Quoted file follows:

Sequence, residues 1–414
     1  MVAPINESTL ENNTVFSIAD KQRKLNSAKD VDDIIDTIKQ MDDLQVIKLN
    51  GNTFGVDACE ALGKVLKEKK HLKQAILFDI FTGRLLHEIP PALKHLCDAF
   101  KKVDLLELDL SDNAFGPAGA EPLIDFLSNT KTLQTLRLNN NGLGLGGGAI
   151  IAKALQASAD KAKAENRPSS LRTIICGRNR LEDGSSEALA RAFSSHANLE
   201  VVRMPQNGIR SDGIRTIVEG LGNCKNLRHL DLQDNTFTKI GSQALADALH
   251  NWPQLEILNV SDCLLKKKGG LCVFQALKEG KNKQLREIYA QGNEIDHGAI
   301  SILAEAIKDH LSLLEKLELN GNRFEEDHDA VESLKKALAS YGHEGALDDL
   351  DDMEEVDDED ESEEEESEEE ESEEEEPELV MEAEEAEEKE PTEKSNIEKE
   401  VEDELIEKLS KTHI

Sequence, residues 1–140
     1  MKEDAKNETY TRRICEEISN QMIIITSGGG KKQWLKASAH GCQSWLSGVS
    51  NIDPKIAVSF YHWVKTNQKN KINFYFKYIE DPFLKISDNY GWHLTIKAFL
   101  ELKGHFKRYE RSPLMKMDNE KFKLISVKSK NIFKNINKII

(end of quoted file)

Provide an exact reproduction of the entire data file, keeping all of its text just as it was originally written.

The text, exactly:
Sequence, residues 1–414
     1  MVAPINESTL ENNTVFSIAD KQRKLNSAKD VDDIIDTIKQ MDDLQVIKLN
    51  GNTFGVDACE ALGKVLKEKK HLKQAILFDI FTGRLLHEIP PALKHLCDAF
   101  KKVDLLELDL SDNAFGPAGA EPLIDFLSNT KTLQTLRLNN NGLGLGGGAI
   151  IAKALQASAD KAKAENRPSS LRTIICGRNR LEDGSSEALA RAFSSHANLE
   201  VVRMPQNGIR SDGIRTIVEG LGNCKNLRHL DLQDNTFTKI GSQALADALH
   251  NWPQLEILNV SDCLLKKKGG LCVFQALKEG KNKQLREIYA QGNEIDHGAI
   301  SILAEAIKDH LSLLEKLELN GNRFEEDHDA VESLKKALAS YGHEGALDDL
   351  DDMEEVDDED ESEEEESEEE ESEEEEPELV MEAEEAEEKE PTEKSNIEKE
   401  VEDELIEKLS KTHI

Sequence, residues 1–140
     1  MKEDAKNETY TRRICEEISN QMIIITSGGG KKQWLKASAH GCQSWLSGVS
    51  NIDPKIAVSF YHWVKTNQKN KINFYFKYIE DPFLKISDNY GWHLTIKAFL
   101  ELKGHFKRYE RSPLMKMDNE KFKLISVKSK NIFKNINKII